If VUCA Is The New Normal, Then Improv Is The New Skill To Master

Seems like there is an article every day now talking about change. It is the only constant in today’s global business environment and the new economy brings with it digital disruption, and transformation, constantly shifting organizational models, AI, big data, sprinkle in a touch of chaos and I’m getting dizzy. Basically, there’s a lot going on and it is extremely difficult to keep up, but the companies facing the reality of where business is, where it’s going and responding to it with different and innovative approaches will beat out complacent competitors. This is not the time for stagnation.  

The business world has taken to using the military term VUCA, short for volatility, uncertainty, complexity and ambiguity, to describe this unpredictable work climate we find ourselves in. If you haven’t heard of it, I’ll bet you suffer from it.  We needed a label for all the chaos and uncertainty because it’s scary and the concept VUCA gives us some context to work within so we can begin to think about a strategy.

The good news is, you can learn to thrive in a VUCA environment and companies can equip their employees to handle the new challenges and uncertainty.  By adapting, interacting and even playing with the volatile, uncertain, complex and ambiguous circumstances we are up against, we can learn to thrive.  Organizations can support a “how to thrive in a VUCA state” mindset and even embed it into their culture.

Practicing how to respond to uncertainty and adapting to change in the moment are not skills most corporate environments have created a space for. Not because they don’t get it or recognize the value, the truth is, there aren’t a lot of programs or methodologies that allow people to simulate scenarios where VUCA conditions exist and allow people to practice resilience and adaptability and strengthening these muscles over time.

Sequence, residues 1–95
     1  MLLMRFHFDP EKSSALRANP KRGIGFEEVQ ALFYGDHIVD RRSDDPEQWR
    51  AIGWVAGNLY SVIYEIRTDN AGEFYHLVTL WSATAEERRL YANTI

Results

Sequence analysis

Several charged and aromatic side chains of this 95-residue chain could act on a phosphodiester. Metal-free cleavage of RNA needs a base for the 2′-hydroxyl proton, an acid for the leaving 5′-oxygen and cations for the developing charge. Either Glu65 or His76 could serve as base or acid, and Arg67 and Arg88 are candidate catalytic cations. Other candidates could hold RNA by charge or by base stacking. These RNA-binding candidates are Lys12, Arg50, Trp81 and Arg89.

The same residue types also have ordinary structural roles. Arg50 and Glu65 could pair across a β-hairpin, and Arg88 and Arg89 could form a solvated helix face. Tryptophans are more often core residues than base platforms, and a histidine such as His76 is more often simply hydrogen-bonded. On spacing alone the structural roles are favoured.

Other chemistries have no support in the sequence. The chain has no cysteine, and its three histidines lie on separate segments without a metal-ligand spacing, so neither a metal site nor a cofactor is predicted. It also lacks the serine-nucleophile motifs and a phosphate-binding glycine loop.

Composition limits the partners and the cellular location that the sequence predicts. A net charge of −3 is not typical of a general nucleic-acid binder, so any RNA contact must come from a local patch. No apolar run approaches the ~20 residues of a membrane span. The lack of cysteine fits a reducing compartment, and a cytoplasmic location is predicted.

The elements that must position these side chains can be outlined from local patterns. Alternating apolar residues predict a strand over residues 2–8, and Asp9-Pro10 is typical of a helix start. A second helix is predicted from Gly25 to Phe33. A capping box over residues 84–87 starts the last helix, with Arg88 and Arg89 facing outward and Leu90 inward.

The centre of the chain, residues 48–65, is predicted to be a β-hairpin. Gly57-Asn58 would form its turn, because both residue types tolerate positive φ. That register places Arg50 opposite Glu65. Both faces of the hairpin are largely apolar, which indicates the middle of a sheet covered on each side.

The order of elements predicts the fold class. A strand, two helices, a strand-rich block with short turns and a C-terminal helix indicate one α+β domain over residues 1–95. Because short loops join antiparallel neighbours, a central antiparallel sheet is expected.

Improvisation, the art of working without a script, adapting in the moment using only what you have and building something out of nothing is a novel way to tap into and to practice skills like adaptability and resilience, which are really at the core of countering the VUCA pillars. When I started taking improv classes almost two decades ago, I had no idea that over time I would evolve into a “Ninja of the Unknown”. It was just like learning to play a sport with rules you adhere to in order for it to work. In order for it (improv) to work, I had to learn the rules and practice them in given scenarios, and handling the unknown was just one of the rules of improv I had to master. Over time, I watched my practice and toning of the “handling the unknown” muscle help me rise above and apart from all my peers in my sales career. I had a secret weapon.

Allow me to share with you how Improvisation can work to counter the four pillars within the VUCA model and how you can make it your secret weapon.


1-Volatility-the quality of being subject to frequent, rapid and significant change